His trademark during the second half of the 1990s and the early 2000s was a danceable, keyboard-laden pop sound that blended music styles such as funk, heavy metal and europop. However, with Kelly Clarkson's songs "Since U Been Gone" and "Behind These Hazel Eyes", Martin stepped back into the spotlight after reinventing himself with a heavier, rock-tinged sound.

Since 1999, he has written and co-written 16 Billboard number-one hits (most of which he has also produced or co-produced), including "Wish You Were Here" by Avril Lavigne; "So What" and "Raise Your Glass" by Pink; "I Kissed a Girl", "Hot n Cold", "California Gurls", "Teenage Dream", "E.T.", "Last Friday Night (T.G.I.F.)", "Part of Me", "Roar", "The One That Got Away" and "Wide Awake" by Katy Perry; "We Are Never Ever Getting Back Together" by Taylor Swift; "My Life Would Suck Without You" by Kelly Clarkson, "...Baby One More Time", "3", "Hold It Against Me" by Britney Spears, and "One More Night" by Maroon 5. Top-10 singles co-written by Martin in the same period include "Dynamite" by Taio Cruz, "DJ Got Us Fallin' in Love" by Usher, "Whataya Want From Me" by Adam Lambert, "F**kin' Perfect" by Pink, "Beauty and a Beat" by Justin Bieber, and, "I Knew You Were Trouble" by Taylor Swift.

Max_Martin Max_Martin

Martin songs
Max_Martin_production_discography Max_Martin_production_discography

Last edited by Alex Linder; January 14th, 2014 at 05:14 PM.
 
Old January 14th, 2014 #74
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Maybe what 'Martin's' example really shows is just how little talent is actually out there, which the memory-inclined among you will recall was precisely the argument of the late Ahmet Ertegun, someone who spent his workday trying to find talent.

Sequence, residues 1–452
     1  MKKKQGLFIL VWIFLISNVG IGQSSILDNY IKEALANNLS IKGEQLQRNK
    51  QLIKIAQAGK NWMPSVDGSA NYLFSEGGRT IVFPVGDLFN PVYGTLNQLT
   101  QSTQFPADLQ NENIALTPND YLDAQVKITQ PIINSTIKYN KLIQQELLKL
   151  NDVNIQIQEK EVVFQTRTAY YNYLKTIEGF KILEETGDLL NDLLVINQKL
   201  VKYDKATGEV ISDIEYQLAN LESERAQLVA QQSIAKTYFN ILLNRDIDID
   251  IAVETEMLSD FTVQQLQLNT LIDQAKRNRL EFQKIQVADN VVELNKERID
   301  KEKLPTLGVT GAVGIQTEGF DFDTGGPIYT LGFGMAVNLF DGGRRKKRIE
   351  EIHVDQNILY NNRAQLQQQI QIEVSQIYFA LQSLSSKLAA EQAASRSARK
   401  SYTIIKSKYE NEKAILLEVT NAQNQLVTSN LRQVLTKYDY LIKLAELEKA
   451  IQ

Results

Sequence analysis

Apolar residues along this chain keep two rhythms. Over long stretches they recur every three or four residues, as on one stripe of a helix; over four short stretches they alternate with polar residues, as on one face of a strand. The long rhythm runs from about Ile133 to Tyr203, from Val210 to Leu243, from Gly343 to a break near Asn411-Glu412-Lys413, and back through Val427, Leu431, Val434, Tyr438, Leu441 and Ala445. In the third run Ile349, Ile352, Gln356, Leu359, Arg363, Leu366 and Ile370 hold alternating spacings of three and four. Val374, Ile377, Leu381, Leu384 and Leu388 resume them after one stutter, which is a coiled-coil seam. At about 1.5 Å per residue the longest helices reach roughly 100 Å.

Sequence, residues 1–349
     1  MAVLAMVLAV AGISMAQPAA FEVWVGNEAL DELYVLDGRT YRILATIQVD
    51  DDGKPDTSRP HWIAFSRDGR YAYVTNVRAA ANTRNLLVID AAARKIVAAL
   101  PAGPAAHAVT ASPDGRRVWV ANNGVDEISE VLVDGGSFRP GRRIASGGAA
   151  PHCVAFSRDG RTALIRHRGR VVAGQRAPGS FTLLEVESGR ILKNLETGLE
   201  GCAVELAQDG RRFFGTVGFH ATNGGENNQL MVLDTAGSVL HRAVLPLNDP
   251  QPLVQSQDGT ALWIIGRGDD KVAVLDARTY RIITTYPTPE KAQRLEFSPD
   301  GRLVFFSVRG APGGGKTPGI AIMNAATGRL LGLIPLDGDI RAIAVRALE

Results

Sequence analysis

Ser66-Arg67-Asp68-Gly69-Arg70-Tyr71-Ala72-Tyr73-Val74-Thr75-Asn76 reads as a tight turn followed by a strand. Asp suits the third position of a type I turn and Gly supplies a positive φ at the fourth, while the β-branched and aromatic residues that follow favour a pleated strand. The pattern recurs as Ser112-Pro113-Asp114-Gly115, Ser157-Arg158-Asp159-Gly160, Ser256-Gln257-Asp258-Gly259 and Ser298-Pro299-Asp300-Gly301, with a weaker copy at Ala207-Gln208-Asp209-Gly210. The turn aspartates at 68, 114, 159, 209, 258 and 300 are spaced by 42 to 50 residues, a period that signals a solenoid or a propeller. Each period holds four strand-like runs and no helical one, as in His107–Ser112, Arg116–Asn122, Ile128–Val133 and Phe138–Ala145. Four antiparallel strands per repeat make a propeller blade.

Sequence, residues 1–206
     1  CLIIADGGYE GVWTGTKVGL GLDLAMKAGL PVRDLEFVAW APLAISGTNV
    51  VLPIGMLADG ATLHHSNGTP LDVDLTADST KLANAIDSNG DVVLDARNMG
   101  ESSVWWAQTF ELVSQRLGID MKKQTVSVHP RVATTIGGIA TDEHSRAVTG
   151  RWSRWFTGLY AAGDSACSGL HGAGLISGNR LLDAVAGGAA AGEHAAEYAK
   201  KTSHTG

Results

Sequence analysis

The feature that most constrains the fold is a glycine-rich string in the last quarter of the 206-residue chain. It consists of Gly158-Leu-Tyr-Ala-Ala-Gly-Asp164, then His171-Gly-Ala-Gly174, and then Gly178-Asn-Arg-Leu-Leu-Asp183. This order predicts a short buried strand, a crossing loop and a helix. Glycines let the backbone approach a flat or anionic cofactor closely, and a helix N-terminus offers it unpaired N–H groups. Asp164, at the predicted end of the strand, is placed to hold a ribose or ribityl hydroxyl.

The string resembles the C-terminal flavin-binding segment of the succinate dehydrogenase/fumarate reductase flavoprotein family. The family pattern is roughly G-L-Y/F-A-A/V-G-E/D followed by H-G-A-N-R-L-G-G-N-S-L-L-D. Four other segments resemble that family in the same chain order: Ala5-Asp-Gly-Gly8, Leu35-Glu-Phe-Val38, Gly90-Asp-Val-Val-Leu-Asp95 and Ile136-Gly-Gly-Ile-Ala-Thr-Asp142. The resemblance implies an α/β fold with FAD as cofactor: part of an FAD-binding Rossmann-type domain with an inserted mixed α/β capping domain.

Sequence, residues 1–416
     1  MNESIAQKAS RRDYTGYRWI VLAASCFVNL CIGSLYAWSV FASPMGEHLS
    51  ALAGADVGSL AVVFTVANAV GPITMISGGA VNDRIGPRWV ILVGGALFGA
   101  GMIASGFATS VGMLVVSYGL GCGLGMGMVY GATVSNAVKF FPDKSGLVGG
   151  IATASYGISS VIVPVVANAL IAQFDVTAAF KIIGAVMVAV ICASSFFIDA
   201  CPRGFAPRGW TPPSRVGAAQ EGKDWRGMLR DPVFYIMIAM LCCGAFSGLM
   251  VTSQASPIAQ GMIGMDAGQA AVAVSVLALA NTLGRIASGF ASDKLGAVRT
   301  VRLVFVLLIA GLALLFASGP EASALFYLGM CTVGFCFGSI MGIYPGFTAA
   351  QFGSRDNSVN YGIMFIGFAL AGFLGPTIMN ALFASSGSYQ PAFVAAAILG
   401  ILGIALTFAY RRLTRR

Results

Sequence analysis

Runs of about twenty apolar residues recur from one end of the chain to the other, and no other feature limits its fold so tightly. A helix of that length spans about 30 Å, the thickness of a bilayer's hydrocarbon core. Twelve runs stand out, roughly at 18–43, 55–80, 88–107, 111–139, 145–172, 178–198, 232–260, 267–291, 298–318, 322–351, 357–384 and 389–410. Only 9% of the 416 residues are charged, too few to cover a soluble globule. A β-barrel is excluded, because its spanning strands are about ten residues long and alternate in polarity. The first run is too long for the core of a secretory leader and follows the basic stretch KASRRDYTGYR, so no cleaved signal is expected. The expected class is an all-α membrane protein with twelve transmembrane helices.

Old January 14th, 2014 #75
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To an unprecedented degree, today's "music" is PRODUCT. I of course knew that the "artists" were literally nothing but pretty mannequins, and that it's now just glorified sausage-making, but I didn't know that so much of the lips-&-assholes dreck is pinched-off by one canny extruder.

When I googled "Is Max Martin a jew", I got....nothing at all - literally: search never completed.
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Old January 14th, 2014 #76
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"Sludge" is an appropriate term for it ("Today's Music").
 
Old January 14th, 2014 #77
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A true classic.
 
Old January 14th, 2014 #78
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Pop Song (Jon Lajoie) - YouTube

Parody song about how prepackaged pop songs are. Applies to pretty much every genre nowadays though.
 
Old January 14th, 2014 #80
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Maybe what 'Martin's' example really shows is just how little talent is actually out there, which the memory-inclined among you will recall was precisely the argument of the late Ahmet Ertegun, someone who spent his workday trying to find talent.
Not at all, there's plenty of real musical talent out there. It just won't be delivered to us by mass media.

And this Martin character has real talent, too. I'd never heard of him before reading this thread, but I know of people like him. Good pop-song writers are natural politicians and psychologists, just like good comedians. By "good", I mean successful.

This "Max Martin" specializes in little girls' emotion. Could be pedophile, could be homosexual sympathy, could be immature, or he may just be a clever guy who found a rich vein.

Of course they will keep selling the same stuff. Find a gimmick that works and they keep hitting it.

BTW there's his more technical counterpart, the guy who comes up with the sequence of notes. This Martin may be skilled enough that he does that too, I don't know. Sometimes they work in teams, the lyricist and the actual music man.

Songs marketed to young girls are just the most obvious example. You get in in every genre.

http://www.last.fm/music/Max+Martin notice song "Unvalentine". That's clever. Kids often break up on valentine's day, and are familiar with "unfriending" on facebook. He'd be a good politician.

Sounds like he's playing guitar himself, so I have a little more respect for him if it's not a computer audio illusion.